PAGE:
Glossary of Resin 3D Printing Terms
The Ultimate Guide to the Hobby of the Future
“When printing, this model has been showing signs of bad adhesion on the build plate quite often. I think I need to either increase exposure time on my SLA printer, change the support structure – either on the software or the STL file itself – or just start looking into getting a new LCD screen”. As the meme goes, this declaration should have been enough to knock Henry Ford out with psychic damage 100 years ago – well, either that or make Arthur C. Clarke weep with excitement.
What I mean to say is: we know 3D printing doesn’t look like an accessible hobby. It seems to have a considerable initial learning curve – and it has, just like any other activity in which you’d want to have good (or at least acceptable) results. The possibilities, however, far outweigh potential hardships. This post aims to provide a non-exhaustive and up-to-date list of the many, many terms, old and new, and their meaning inside the 3D printing universe. As evident from the title, the focus here is in resin – or more precisely, SLA printers (we’ll get to that!). While there are other 3D printing methods with, as always, their own pros and cons, using an SLA printer is currently the most efficient way of making superb and highly detailed miniatures for you regular RPG play sessions (as a completely, of course, random example).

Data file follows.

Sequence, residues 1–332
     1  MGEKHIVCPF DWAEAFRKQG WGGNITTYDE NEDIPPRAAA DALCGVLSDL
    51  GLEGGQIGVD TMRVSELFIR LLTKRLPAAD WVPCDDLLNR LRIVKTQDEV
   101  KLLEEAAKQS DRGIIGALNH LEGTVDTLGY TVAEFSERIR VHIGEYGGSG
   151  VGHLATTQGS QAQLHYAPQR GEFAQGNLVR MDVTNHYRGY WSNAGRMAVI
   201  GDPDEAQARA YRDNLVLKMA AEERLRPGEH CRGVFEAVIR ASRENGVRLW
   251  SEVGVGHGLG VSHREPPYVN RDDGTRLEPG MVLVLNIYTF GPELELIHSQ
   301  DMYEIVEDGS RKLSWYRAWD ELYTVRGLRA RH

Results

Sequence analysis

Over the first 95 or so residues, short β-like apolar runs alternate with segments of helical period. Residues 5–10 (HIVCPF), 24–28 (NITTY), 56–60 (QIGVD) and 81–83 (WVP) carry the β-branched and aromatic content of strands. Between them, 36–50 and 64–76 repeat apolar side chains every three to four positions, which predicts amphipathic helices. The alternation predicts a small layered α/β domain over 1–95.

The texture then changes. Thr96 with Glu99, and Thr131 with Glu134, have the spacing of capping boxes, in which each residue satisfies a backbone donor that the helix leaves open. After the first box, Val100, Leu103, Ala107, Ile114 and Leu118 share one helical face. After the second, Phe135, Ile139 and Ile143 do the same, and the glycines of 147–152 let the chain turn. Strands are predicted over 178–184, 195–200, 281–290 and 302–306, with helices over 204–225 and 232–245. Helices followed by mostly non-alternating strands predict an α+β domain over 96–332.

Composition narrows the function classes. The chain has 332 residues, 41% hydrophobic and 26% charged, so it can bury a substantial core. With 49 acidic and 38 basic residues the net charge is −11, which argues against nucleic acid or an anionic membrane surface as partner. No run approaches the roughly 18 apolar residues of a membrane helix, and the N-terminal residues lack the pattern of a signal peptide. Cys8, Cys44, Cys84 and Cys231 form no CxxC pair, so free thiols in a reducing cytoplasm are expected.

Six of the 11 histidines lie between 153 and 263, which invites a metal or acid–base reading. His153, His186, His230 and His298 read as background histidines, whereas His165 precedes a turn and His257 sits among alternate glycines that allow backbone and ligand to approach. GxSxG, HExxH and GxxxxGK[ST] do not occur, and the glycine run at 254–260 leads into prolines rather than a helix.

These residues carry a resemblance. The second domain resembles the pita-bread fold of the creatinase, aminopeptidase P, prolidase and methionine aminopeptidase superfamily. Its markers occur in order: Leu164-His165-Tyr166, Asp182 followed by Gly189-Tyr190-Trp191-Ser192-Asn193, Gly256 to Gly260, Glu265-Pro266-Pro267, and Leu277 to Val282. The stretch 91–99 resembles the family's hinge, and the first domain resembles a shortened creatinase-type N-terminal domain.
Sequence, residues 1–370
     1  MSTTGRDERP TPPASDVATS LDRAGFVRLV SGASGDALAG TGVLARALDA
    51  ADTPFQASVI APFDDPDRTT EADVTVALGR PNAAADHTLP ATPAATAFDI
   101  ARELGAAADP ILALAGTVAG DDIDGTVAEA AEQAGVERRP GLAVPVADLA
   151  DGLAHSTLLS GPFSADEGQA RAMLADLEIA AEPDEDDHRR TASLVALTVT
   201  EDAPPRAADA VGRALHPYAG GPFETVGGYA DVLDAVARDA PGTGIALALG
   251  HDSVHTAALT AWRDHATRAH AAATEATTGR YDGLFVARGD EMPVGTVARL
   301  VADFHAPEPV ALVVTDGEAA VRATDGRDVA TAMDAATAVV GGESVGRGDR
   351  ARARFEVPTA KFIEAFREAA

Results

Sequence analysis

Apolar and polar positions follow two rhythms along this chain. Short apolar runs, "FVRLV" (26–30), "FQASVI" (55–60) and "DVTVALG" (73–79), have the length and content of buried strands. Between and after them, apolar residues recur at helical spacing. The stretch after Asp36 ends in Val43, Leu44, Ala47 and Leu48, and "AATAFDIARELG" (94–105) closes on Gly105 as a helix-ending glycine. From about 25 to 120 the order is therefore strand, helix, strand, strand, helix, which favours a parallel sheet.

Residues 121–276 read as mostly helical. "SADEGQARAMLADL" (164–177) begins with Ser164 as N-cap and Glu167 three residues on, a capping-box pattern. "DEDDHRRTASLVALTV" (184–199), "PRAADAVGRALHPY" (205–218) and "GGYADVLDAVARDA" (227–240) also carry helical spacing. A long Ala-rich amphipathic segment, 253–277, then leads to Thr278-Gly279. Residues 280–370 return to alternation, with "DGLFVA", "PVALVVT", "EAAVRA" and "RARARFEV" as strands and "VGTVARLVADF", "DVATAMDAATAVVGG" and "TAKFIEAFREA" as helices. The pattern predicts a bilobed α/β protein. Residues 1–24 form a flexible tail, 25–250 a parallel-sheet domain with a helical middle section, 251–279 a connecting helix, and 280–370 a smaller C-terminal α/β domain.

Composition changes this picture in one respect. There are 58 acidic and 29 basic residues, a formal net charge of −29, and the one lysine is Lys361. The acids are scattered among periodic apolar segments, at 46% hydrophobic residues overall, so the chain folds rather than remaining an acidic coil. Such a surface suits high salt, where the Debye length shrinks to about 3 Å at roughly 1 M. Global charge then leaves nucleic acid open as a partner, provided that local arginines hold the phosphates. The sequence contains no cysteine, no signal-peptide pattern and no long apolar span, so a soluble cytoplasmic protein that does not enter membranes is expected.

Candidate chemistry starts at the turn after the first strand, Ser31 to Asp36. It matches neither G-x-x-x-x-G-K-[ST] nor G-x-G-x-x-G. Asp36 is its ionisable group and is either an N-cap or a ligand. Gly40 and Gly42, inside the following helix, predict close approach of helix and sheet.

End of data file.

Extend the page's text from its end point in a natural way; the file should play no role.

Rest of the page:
But how do these printers work? SLA (stereolithography) is an additive vat photopolymerization process, which is a very fancy way of saying that it cures, layer by layer, one section of a determined object at a time. That is done with a special laser that emits UV lights. Once enough layers of material are cured on top of one another, you get your whatchamacallit.
Type of light that gets emitted from the 3D printer and is used for curing resins. You’ll often see “405nm” in the title or description of a resin as well, showing that it’s compatible with your printer.
(Almost always a) metallic surface onto which the resin adheres to. This first layer is essential since the next ones will depend on it to manufacture the 3D object. It can be perforated or marked with ridges to provide better support.
Computed Aided Design. Both in 2D and 3D, it can refer to using programs to design, draw, model and sculpt digitally.
Computer Aided Manufacturing is the process of using special software to manufacture objects. 3D printers, CNCs and laser cutters are some of the most popular ones that see home use.
Digital Light Processing, another type or resin 3D printer. It uses a sort of projector to create voxels in the resin tank.
The period that resin will be subjected to the UV light in order to cure. The more exposure time it gets, the harder it will be (with lots of caveats). First layers, for instance, get more seconds of it.
Fluorinated Ethylene Propylene films are the standard to use in resin printers. It is stretched over the vat and makes contact with both the resin and the UV light generator, enabling the light to pass through in the curing process. It has good chemical resistance and non-stick properties.
2D section cut from part of a model. What usually gets polymerized at once.